One unexpected pattern that emerged from the different justifications that subjects offered for continuing to believe in the validity of the link was that it helped citizens make sense of the Bush Administration's decision to go to war against Iraq. "We refer to this as 'inferred justification,'" says Hoffman "because for these voters, the sheer fact that we were engaged in war led to a post-hoc search for a justification for that war. People were basically making up justifications for the fact that we were at war," he says.
Subjects were presented during one-on-one interviews with a newspaper clip of this Bush quote: “This administration never said that the 9/11 attacks were orchestrated between Saddam and al-Qaeda.” The Sept. 11 Commission, too, found no such link, the subjects were told. “Well, I bet they say that the commission didn’t have any proof of it,” one subject responded, “but I guess we still can have our opinions and feel that way even though they say that.” Reasoned another: “Saddam, I can’t judge if he did what he’s being accused of, but if Bush thinks he did it, then he did it.” Others declined to engage the information at all. Most curious to the researchers were the respondents who reasoned that Saddam must have been connected to Sept. 11, because why else would the Bush Administration have gone to war in Iraq? The desire to believe this was more powerful, according to the researchers, than any active campaign to plant the idea. Such a campaign did exist in the run-up to the war…
He won’t credit politicians spouting misinformation alone for the phenomenon, though. “That kind of puts the idea out there, but what people then do with the idea… ” he said. “Our argument is that people aren’t just empty vessels. You don’t just sort of open up their brains and dump false information in and they regurgitate it. They’re actually active processing cognitive agents.”
“I think we’d all like to believe that when people come across disconfirming evidence, what they tend to do is to update their opinions,” said Andrew Perrin, an associate professor at UNC and another author of the study. “The implications for how democracy works are quite profound, there’s no question in my mind about that,” Perrin said. “What it means is that we have to think about the emotional states in which citizens find themselves that then lead them to reason and deliberate in particular ways.”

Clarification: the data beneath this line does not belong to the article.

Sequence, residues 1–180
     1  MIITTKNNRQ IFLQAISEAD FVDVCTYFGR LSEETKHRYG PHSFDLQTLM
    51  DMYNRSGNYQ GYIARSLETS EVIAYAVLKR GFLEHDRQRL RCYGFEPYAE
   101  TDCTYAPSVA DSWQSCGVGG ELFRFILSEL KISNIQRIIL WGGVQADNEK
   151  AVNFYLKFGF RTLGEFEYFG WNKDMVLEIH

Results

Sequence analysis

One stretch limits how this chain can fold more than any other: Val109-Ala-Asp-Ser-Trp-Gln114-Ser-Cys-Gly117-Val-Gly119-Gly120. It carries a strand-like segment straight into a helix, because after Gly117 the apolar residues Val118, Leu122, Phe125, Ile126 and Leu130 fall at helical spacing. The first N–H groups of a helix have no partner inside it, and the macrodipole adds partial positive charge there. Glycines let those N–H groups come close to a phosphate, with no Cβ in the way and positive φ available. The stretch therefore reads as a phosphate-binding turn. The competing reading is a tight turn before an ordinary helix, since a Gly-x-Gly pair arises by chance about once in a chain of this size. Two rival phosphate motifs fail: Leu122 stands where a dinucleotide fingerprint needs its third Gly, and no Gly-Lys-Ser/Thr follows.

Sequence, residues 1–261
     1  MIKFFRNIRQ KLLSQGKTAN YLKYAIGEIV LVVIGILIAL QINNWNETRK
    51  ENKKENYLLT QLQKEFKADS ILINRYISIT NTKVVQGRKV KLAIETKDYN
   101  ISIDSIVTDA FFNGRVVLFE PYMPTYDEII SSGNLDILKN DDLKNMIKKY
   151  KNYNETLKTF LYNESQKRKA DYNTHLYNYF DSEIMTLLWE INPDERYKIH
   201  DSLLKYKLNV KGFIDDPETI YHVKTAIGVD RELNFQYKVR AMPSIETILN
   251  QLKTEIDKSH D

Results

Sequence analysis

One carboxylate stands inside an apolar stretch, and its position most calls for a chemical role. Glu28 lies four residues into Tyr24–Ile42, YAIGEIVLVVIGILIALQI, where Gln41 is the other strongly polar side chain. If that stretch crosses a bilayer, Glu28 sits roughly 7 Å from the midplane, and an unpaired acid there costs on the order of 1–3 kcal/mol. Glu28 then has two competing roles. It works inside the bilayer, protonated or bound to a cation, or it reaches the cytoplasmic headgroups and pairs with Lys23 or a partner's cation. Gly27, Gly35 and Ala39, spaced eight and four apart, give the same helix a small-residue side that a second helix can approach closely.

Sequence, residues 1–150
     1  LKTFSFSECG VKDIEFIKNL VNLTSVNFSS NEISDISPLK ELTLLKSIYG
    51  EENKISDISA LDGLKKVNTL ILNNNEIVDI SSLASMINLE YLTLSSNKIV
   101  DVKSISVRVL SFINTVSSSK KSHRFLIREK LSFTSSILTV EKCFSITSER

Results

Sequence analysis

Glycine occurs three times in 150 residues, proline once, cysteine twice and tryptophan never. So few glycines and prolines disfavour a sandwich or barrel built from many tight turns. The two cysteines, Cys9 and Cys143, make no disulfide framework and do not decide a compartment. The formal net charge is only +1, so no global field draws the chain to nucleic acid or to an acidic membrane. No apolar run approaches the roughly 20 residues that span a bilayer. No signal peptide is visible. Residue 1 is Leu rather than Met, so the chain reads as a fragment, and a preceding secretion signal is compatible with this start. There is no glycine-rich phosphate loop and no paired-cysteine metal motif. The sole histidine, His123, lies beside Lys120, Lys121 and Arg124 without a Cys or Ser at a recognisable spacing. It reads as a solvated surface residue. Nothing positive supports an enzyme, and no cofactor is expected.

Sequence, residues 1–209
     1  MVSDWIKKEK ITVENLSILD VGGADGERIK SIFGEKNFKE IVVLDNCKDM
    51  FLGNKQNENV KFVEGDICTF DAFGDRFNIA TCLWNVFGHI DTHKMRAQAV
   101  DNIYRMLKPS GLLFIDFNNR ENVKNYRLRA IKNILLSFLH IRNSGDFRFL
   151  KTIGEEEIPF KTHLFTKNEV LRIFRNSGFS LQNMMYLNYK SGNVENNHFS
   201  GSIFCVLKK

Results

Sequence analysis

Evidence suggests people are more likely to pay attention to facts within certain emotional states and social situations. Some may never change their minds. For others, policy-makers could better identify those states, for example minimizing the fear that often clouds a person’s ability to assess facts
"One of the things that is really interesting about this, from both the perspective of voting patterns but also for democratic theory more generally," Hoffman says, "is that we did not find that people were being duped by a campaign of innuendo so much as they were actively constructing links and justifications that did not exist. They wanted to believe in the link," he says, "because it helped them make sense of a current reality. So voters' ability to develop elaborate rationalizations based on faulty information, whether we think that is good or bad for democratic practice, does at least demonstrate an impressive form of creativity."
Fear turns people into sheep. Once they are sheep, they will strive mightily to justify the actions of their “leaders” – whether those leaders gave trillions of dollars in bailouts or got us into war, and even if the leaders’ justifications were false."